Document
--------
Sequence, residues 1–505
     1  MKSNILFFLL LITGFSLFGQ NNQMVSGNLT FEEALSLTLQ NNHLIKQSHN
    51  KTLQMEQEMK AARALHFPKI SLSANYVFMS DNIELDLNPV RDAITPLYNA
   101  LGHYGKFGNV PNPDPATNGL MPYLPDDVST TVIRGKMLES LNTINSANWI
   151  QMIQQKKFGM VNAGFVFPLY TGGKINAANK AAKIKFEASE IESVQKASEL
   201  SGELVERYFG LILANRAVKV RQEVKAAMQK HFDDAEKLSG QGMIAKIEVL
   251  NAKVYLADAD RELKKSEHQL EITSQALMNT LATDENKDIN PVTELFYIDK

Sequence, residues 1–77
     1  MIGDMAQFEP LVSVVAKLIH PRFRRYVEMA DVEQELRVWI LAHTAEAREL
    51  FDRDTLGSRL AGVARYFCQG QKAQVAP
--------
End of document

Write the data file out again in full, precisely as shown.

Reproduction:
Sequence, residues 1–505
     1  MKSNILFFLL LITGFSLFGQ NNQMVSGNLT FEEALSLTLQ NNHLIKQSHN
    51  KTLQMEQEMK AARALHFPKI SLSANYVFMS DNIELDLNPV RDAITPLYNA
   101  LGHYGKFGNV PNPDPATNGL MPYLPDDVST TVIRGKMLES LNTINSANWI
   151  QMIQQKKFGM VNAGFVFPLY TGGKINAANK AAKIKFEASE IESVQKASEL
   201  SGELVERYFG LILANRAVKV RQEVKAAMQK HFDDAEKLSG QGMIAKIEVL
   251  NAKVYLADAD RELKKSEHQL EITSQALMNT LATDENKDIN PVTELFYIDK

Sequence, residues 1–77
     1  MIGDMAQFEP LVSVVAKLIH PRFRRYVEMA DVEQELRVWI LAHTAEAREL
    51  FDRDTLGSRL AGVARYFCQG QKAQVAP